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Encyclopedia > Royal Canadian Navy

For history after 1968, see Canadian Forces Maritime Command HMCS Bastion, flagship of the Canadian Navy. ...

Maritime Command
Components
Maritime Command
12 Wing
History
Royal Canadian Navy
Military History of Canada
Ships
Current Fleet
Historic Ships
Her Majesty's Canadian Ship
Bases
CFB Halifax (Atlantic)
CFB Esquimalt (Pacific)

The Royal Canadian Navy (RCN) was the navy of Canada from 1911 until 1968 when the three Canadian armed services were unified to form the Canadian Forces. The modern Canadian navy has been known as Canadian Forces Maritime Command (MARCOM) since unification, but still refers to itself unofficially as the "navy" and maintains many RCN traditions. Since the Royal designation of the Canadian Navy was executed by a Royal Proclamation which has never been revoked, the Canadian Government and the Canadian Forces will be required to resume usage of the expression “Royal Canadian Navy”, if the expression “Canadian Navy” is used in any official capacity, Canadian Forces Maritime Command (MARCOM) is the naval service of the Canadian Forces, and as such, it is also the senior service of the Canadian Forces, following the tradition that comes from the Royal Navy. ... Image File history File links Naval_Jack_of_Canada. ... Canadian Forces Maritime Command (MARCOM) is the naval service of the Canadian Forces, and as such, it is also the senior service of the Canadian Forces, following the tradition that comes from the Royal Navy. ... Canadian Forces Base Shearwater (CFB Shearwater) or Halifax/Shearwater Airport, (ICAO CYAW, IATA YAW), is a Canadian Forces base located in Eastern Passage, Nova Scotia on the eastern shore of Halifax harbour. ... Canadian soldiers advancing behind a tank at the Battle of Vimy Ridge, one of Canadas greatest military victories. ... The following is a list of ships currently in service with the Canadian Forces Maritime Command as of 2005. ... This is a list of ships in the Canadian Navy. ... Her Majestys Canadian Ship (HMCS) is the English designation of any Canadian warship, as well as many major Canadian naval bases such as HMCS Discovery and all Sea Cadet Summer Training Centers like HMCS Quadra. ... Canadian Forces Base Halifax (CFB Halifax) is Canadas east coast navy base and home port to the Atlantic fleet. ... CFB Esquimalt is Canadas West Coast (Pacific) naval base. ... The multinational Combined Task Force One Five Zero (CTF-150) The British Grand Fleet, the supreme naval force of World War I A rare occurrence of a 5-country multinational fleet, during Operation Enduring Freedom in the Oman Sea. ... 1911 (MCMXI) was a common year starting on Sunday (link will display the full calendar). ... 1968 (MCMLXVIII) was a leap year starting on Monday. ... The Canadian Forces (French: Forces canadiennes), abbreviated as CF (French: FC), are the combined armed forces of Canada. ... HMCS Bastion, flagship of the Canadian Navy. ...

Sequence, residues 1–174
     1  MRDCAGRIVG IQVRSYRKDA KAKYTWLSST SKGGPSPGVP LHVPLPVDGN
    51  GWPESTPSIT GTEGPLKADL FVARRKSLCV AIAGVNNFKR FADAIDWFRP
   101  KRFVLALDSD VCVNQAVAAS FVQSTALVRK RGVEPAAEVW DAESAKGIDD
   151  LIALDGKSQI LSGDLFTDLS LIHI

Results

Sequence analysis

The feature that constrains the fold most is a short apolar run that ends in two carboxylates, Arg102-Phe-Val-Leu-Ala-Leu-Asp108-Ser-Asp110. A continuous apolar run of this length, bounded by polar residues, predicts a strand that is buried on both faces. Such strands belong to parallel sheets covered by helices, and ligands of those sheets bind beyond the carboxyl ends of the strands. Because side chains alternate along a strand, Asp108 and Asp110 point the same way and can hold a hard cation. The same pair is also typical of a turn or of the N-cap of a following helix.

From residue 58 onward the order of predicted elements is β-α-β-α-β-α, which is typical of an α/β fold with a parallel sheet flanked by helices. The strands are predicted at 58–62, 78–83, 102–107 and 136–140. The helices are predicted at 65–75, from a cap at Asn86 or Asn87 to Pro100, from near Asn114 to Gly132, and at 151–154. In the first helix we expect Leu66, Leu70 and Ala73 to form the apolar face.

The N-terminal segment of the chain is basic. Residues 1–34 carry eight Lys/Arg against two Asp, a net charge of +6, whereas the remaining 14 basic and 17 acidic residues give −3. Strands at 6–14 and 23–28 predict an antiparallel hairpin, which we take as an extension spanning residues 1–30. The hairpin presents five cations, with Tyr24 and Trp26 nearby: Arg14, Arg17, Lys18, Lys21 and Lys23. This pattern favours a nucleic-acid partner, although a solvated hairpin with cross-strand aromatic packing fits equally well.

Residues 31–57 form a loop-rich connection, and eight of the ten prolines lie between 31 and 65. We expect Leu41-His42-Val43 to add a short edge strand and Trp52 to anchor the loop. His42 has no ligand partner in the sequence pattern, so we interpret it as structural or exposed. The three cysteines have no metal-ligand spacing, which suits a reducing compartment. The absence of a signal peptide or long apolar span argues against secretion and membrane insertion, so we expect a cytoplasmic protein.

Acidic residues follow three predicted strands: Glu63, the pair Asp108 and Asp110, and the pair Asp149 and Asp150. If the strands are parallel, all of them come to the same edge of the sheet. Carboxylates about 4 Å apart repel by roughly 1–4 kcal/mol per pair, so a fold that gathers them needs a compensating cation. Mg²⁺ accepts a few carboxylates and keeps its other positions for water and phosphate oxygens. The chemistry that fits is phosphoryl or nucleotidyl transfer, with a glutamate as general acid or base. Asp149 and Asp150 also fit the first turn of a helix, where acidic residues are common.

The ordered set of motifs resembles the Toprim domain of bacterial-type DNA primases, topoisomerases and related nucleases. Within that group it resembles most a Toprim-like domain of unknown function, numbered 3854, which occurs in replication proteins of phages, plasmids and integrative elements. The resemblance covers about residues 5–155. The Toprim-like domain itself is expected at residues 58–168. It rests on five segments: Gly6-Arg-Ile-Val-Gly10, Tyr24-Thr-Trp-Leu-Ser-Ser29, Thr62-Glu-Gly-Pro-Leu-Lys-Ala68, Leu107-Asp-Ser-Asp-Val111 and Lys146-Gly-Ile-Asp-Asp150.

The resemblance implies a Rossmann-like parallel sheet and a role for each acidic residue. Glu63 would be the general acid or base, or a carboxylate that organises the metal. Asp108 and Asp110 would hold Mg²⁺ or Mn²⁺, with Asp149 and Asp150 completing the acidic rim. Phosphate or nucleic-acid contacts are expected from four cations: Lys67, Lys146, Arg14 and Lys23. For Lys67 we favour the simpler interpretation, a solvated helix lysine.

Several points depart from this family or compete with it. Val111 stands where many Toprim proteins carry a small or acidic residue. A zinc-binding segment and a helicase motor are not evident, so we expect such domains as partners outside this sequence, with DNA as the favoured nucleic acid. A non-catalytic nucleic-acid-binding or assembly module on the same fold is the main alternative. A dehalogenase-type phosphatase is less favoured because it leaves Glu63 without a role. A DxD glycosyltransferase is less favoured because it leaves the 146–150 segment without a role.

As Command-in-Chief of the Canadian Forces is vested in the Canadian Monarch,[1] ships of the Canadian Forces continue to be called "Her/His Majesty's Canadian Ship", but it is not correct to use the name "Royal Canadian Navy" or its abbreviation "RCN" in references to the Canadian navy after February 1, 1968. The Arms of Her Majesty in Right of Canada, proclaimed by King George V, November 21, 1921. ... February 1 is the 32nd day of the year in the Gregorian Calendar. ... 1968 (MCMLXVIII) was a leap year starting on Monday. ...

Contents

History

Formation years

During the early years of the 20th century, there was growing discussion within the British Empire as to the role the Dominions would play in defence and foreign affairs. A key part of this discussion focused on naval issues. In Canada, it came down to a choice between two options. Either the young country could provide funds, support and manpower to the Royal Navy, or it could form its own navy. Canada chose the latter. (19th century - 20th century - 21st century - more centuries) Decades: 1900s 1910s 1920s 1930s 1940s 1950s 1960s 1970s 1980s 1990s As a means of recording the passage of time, the 20th century was that century which lasted from 1901–2000 in the sense of the Gregorian calendar (1900–1999... The British Empire in 1897, marked in pink, the traditional colour for Imperial British dominions on maps. ... A dominion, often Dominion, is the territory or the authority of a dominus (a lord or master). ... In military science, defense (or defence) is the art of preventing an enemy from conquering territory. ... This article is about a journal. ... The Royal Navy of the United Kingdom is the oldest of the British armed services (and is therefore the Senior Service). ...